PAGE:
My advice would be to keep your Mac close, or locked up in a safe environment, at all times. If your home is not a safe environment, due to a malicious roommate or hostile spouse or relative, take it with you any time you leave. If you plan to travel internationally, don’t take a Thunderbolt-equipped Mac with you. Find an older Mac without Thunderbolt, put what you need for your travels on it and take that instead. If you need to leave a Mac unattended in a hotel room, lock it up somehow, either in a locking case or in the hotel safe. Do not connect it to unfamiliar Thunderbolt devices, or if you must do so, be sure not to restart the computer while such a device is connected.
Some people have suggested putting epoxy in the Thunderbolt ports. This is not a solution I would recommend, since it will permanently ruin those ports. Still, for people in high-risk positions who are okay with destroying part of their computer’s hardware, this would be one option. It’s important to understand, though, that such a technique does not nullify other threats involving physical access, such as potential access to any unencrypted data on the hard drive.
It’s important to remember that Thunderstrike is just the latest threat to your security, and just as the danger of this threat should be neither over- nor under-stated, it’s also important to remember to be vigilant against other threats. Keep in mind that you are the biggest weak point in your computer’s security, and knowing what the threats are and how to avoid them is a big part of staying safe.
Tuesday, January 27, 2015 @ 3:30 pm EST: Mac OS X 10.10.2 has been released by Apple. Supposedly, this update contains a fix for the Thunderstrike vulnerability, and also prevents rollback of the firmware in order to install Thunderstrike on older, vulnerable firmware. Unfortunately, I’m relying entirely on third-party reports for this information, as Apple’s security updates page still has no information about the update. (That’s an annoying habit Apple has gotten into lately… lately, that information has always lagged behind the availability of the updates.)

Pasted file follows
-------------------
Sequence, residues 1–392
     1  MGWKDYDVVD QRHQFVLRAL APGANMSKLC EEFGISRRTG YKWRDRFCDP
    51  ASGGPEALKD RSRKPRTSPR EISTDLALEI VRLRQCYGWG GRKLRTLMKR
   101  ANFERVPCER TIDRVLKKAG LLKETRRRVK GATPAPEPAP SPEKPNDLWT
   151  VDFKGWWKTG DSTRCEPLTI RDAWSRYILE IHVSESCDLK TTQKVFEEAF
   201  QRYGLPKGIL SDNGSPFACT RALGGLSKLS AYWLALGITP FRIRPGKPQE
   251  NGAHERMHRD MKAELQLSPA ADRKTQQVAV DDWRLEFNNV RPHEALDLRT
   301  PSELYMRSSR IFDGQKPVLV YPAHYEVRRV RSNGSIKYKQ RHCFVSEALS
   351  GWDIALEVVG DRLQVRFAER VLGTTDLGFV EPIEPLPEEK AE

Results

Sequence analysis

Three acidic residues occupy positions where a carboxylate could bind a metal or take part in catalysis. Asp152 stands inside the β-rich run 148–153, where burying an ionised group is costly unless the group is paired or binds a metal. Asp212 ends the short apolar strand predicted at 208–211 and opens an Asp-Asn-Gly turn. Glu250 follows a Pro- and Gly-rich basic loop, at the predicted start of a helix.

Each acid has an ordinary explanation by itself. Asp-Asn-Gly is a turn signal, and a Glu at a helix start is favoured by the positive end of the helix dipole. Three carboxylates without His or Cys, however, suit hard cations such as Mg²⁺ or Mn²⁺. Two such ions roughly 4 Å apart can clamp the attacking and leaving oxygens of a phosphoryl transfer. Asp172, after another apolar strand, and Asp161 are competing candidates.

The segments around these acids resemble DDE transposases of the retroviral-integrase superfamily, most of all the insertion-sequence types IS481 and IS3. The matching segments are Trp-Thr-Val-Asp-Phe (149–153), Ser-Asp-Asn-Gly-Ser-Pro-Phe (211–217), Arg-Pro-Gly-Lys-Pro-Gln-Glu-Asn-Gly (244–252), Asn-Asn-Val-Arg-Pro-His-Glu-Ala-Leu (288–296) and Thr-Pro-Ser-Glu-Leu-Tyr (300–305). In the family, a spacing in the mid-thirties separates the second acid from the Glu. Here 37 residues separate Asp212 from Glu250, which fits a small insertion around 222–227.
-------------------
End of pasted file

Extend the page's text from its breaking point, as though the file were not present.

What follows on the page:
I have sent an e-mail to Trammell Hudson to get his opinion on this update. I’ll add more here when I know more.
…a little later: Apple has posted the information about Security Update 2015-001, and Trammell Hudson has gotten back to me. He reports in an update in the FAQ on his Thunderstrike page that this update does indeed prevent the Thunderstrike attack, though he also points out that the documentation makes no mention of the supposed rollback prevention feature that some media outlets have talked about. Is it there, but just undocumented, or were the folks writing for those media outlets smoking something? Unknown at this point.
Thursday, January 29, 2015 @ 5:00 am EST: A detail I didn’t notice before: the update that fixes the Thunderstrike vulnerability was only made available for machines running Yosemite. Vulnerable Macs running older versions of Mac OS X remain vulnerable! If you have a Mac with Thunderbolt and an older system, it would be wise to upgrade to Yosemite as soon as you can, if you are able to.